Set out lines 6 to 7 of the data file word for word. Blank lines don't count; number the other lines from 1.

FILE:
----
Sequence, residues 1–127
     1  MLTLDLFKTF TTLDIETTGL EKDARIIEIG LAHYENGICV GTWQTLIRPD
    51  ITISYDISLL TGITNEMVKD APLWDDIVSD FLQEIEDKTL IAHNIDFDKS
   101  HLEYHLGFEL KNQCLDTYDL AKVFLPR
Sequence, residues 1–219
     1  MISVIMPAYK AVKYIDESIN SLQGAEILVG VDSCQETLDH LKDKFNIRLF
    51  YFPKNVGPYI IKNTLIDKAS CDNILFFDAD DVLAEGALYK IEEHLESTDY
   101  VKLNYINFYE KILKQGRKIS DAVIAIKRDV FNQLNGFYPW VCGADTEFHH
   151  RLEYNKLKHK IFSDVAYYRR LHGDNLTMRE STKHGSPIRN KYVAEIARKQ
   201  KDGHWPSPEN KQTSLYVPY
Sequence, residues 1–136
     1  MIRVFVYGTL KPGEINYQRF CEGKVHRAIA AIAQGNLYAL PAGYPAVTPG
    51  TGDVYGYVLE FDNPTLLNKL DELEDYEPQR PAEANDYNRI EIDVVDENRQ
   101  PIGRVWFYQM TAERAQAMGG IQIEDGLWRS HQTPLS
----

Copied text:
     1  MISVIMPAYK AVKYIDESIN SLQGAEILVG VDSCQETLDH LKDKFNIRLF
    51  YFPKNVGPYI IKNTLIDKAS CDNILFFDAD DVLAEGALYK IEEHLESTDY